The government also confirmed it will publish a white paper on levelling up, ‘setting out bold new interventions to improve livelihoods and opportunities throughout the UK’. Much in the briefing note reaffirms the approach outlined in the plan for growth. This includes funds to regenerate local places; enterprise and jobs measures (eg setting up at least eight freeports); plans to ‘level up public services’ (focused on new hospitals and additional nurses and police officers); skills and education policies (eg a new Lifetime Skills Guarantee); as well as infrastructure and connectivity. The government also promised to ‘bring forward proposals that address racial disparities, support disabled people and help eradicate barriers facing different groups’.

On the Health and Social Care Bill, the Queen’s Speech briefing states that the NHS and local authorities will be given the ‘tools to level up health and care across England so people can live healthier, longer and more independent lives’. There is a separate section on the prevention of ill health, outlining plans to tackle the key risk factors of obesity, air quality, smoking and drug misuse. The role of the new Office for Health Promotion is also mentioned, which the government intends to ‘lead national efforts to improve and level up the public’s health’.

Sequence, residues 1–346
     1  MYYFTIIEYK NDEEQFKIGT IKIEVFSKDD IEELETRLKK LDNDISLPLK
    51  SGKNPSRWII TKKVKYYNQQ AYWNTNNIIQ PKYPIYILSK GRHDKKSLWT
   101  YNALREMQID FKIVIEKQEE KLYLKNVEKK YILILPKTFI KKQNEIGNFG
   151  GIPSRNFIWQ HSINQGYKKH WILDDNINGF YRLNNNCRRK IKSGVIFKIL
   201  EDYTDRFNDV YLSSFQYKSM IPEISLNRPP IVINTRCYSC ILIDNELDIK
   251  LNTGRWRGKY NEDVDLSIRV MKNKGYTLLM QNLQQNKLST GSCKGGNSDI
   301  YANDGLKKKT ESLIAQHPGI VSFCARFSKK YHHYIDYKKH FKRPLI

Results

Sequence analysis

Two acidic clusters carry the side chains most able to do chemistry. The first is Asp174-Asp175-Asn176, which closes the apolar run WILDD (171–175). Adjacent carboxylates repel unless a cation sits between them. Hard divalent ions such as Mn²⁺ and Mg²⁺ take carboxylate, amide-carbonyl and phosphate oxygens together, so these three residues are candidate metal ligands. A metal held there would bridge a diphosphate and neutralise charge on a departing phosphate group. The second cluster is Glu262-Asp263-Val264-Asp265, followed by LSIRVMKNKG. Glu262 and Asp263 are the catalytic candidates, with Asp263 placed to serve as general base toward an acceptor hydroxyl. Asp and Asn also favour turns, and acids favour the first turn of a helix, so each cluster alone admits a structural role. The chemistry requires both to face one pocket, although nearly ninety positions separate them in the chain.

A Town Deal is an ‘agreement in principle between government, the lead council and the Town Deal Board. They are aimed at setting out a ‘vision and strategy for the town, and what each party agrees to do to achieve this vision.’ Town deals are supported via the government’s Towns Fund. (

Following an announcement about the abolition of Public Health England in September 2020, a new Office for Health Promotion was announced by the government in March 2021, to be overseen by the Chief Medical Officer, Chris Whitty. The Office will sit within DHSC and ‘lead work across government to promote good health and prevent illness’ (